If you aren’t immediately sold by the phrase “a picnic operetta,” then this is not the experience for you. If, like me, you are intrigued by this description, Mixed Precipitation delivers on a feast for the ears and mouth. Combining 80s Lycra and the splendor of Minnesota’s parks, The Clementy of Tito’s Tennis Club is the perfect way to finish out our rapidly ending summer. 

Based (loosely) on Mozart’s opera La clemenza di Tito, which was supposed to set a virtuous example for Leopold II, Music Director and Arranger Gary Ruschman and Artistic Director Scotty Reynolds have reimagined this morality play for our current times. Scorned tennis player Vitellia Rose (Lauren Asheim) decides to get even with Coach Tito (Jim Ahrens) and his new tennis stars Servillia Jean King (Joni Griffith) and Annio Armstrong (KT Magnolia) by enlisting the help of her doting, would-be lover Sesto Piquet (Anna Hashizume). As the audience was told before the start (paraphrase) -- Opera is about BIG VOICES expressing BIG EMOTIONS. With its emotional roller coaster, operatic arias mixed with 80s classics, Tito’s Tennis Club doesn’t disappoint. 

I must admit, I am not always a fan of opera, but after this performance I think it might be the suffy (and vertigo inducing) confines of a concert hall, songs that go on for too long, and the lack of comfortable seating. I went to this production with a friend and her 1 and a half year old, and the little girl was enraptured with the live music and the band. Unlike a play where there is far too much talking to keep smaller children engaged, the music and physicality of Tito’s Tennis Club keeps the pace moving for audiences young and old. Minnesota is so lovely in the summer, and listening to the wonderful singers and 4-piece band (Gary Ruschman, Luke Pickman, Ginna Watson, and Lauren Asheim) fill the air in the park was a treat. A shout out here to the unbelievably talented Lauren Asheim and Anna Hashizume, whose chemistry, fantastic voices, and properly over-the-top acting sold the show.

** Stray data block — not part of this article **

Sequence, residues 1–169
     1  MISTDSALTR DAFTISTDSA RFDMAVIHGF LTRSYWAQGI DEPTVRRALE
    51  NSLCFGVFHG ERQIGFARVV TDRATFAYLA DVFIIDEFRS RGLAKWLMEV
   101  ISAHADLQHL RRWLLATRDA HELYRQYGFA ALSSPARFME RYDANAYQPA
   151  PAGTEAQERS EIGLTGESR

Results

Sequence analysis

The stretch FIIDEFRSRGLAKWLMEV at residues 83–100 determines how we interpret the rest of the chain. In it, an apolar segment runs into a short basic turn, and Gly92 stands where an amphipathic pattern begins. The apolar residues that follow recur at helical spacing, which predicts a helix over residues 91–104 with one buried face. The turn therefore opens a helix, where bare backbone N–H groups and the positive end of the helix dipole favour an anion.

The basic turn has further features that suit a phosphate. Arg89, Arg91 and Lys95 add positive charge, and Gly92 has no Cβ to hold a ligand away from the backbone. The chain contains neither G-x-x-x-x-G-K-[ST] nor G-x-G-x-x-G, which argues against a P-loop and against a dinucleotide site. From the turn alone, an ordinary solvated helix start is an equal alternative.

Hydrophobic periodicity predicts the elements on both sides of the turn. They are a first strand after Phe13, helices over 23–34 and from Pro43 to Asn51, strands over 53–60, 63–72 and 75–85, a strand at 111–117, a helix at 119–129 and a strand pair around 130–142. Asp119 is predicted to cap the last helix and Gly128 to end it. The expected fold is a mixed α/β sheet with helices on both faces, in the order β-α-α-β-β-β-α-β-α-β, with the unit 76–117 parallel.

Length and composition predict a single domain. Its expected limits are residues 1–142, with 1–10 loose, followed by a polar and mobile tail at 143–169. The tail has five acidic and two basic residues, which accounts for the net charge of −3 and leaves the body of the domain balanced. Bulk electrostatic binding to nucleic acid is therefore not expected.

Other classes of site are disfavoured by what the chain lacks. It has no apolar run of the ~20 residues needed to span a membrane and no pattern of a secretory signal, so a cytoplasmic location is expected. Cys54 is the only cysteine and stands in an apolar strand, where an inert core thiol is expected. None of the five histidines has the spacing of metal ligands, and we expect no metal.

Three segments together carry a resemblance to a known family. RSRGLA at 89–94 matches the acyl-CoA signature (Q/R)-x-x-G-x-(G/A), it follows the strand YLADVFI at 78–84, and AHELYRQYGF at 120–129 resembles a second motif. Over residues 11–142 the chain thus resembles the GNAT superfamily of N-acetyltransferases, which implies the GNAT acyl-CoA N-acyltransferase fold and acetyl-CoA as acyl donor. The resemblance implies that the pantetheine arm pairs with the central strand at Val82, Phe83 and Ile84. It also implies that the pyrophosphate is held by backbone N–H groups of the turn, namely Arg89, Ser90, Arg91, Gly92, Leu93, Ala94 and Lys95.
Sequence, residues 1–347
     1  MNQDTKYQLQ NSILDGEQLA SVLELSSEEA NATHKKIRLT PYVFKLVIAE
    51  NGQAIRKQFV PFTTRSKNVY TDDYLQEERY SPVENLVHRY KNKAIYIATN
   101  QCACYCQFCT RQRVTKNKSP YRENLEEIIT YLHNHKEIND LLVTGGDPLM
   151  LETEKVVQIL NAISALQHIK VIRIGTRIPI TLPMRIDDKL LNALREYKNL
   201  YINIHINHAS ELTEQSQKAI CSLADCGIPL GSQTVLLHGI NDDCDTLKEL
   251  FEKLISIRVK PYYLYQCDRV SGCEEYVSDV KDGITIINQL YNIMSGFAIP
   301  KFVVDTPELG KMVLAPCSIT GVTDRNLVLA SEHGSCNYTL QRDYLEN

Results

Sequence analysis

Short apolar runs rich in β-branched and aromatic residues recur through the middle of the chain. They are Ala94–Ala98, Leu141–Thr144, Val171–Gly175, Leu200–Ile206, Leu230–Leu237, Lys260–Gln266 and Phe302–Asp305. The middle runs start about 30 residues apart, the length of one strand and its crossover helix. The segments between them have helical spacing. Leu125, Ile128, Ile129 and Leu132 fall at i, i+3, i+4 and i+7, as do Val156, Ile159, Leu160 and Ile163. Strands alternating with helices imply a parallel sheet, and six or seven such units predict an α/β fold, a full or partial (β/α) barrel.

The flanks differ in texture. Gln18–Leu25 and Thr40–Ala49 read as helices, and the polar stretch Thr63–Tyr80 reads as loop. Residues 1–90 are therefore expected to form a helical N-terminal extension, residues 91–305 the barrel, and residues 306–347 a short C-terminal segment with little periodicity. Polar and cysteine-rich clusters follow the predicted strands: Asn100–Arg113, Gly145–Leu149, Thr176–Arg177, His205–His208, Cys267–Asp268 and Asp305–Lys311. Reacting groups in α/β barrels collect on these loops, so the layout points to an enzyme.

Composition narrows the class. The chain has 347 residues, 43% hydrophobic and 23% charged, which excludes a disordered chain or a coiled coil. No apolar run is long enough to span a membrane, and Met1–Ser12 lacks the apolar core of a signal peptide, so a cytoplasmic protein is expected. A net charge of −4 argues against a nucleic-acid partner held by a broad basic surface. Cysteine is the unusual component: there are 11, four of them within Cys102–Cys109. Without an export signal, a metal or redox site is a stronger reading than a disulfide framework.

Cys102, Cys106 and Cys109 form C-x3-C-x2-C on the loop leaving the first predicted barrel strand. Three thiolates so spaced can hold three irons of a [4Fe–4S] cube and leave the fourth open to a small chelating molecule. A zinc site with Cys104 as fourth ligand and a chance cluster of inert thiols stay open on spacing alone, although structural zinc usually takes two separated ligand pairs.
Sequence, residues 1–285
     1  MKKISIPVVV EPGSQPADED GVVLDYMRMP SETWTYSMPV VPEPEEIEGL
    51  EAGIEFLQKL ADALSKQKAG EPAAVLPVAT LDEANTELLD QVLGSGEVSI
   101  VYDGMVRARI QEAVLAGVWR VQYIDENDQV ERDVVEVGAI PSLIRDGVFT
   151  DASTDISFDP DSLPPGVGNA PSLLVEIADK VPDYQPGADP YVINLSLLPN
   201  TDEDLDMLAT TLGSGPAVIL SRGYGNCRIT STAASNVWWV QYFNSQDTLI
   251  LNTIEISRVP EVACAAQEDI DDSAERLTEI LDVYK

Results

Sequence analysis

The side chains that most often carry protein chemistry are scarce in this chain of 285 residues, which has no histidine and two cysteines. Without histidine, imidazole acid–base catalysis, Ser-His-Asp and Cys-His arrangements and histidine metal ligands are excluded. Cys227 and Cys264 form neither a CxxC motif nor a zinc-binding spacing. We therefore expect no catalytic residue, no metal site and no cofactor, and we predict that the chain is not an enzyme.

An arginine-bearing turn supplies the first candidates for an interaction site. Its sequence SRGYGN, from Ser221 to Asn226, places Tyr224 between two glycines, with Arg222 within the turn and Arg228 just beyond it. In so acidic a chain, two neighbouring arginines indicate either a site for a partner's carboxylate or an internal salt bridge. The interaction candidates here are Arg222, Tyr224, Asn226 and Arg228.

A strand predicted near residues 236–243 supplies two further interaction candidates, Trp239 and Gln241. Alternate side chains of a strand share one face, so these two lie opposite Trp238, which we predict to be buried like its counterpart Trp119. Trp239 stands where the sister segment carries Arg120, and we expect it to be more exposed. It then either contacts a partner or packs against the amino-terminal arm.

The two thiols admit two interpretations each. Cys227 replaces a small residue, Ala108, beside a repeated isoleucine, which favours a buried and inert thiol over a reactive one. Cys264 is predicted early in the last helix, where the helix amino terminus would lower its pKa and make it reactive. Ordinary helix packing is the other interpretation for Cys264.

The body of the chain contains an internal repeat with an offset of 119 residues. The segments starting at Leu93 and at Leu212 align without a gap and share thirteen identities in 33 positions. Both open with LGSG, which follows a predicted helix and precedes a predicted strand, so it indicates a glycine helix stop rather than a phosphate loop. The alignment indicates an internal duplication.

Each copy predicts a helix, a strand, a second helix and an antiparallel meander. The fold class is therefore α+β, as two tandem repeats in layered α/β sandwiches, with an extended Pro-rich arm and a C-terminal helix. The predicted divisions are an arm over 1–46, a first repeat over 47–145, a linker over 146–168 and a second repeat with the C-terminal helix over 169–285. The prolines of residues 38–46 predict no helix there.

While it is perhaps a bit hard to follow the nuances of the script (none of the performers are mic’d), they employ a few hand-lettered signs for the arias; these signs do not give one-for-one translations, but instead provide the audience a taste of the meaning behind the words. At several parts during the show, the cast loosely connects their dialogue to different small plates that are passed through the audience. These food breaks do slightly interrupt the flow of the operetta, but they make the audience interact with each other and parts of the cast; this goes directly to Mixed Precipitations goal of “exploring text, space and form with festive theatrical events that inspire social engagement” (Mixed Precipitation website, accessed 8/29/2019).

The lack of a proper set doesn’t impede the audience’s enjoyment, and many clever physical stagings (such as making the Oracle’s floating eyes and head out of tennis racks) is inventive and funny. I am always a fan of shows that know what they are and deliver on it. The Clemency of Tito’s Tennis Club is self-aware, smart, and deeply kind. 10/10 would recommend. It plays across the great state of Minnesota until the end of September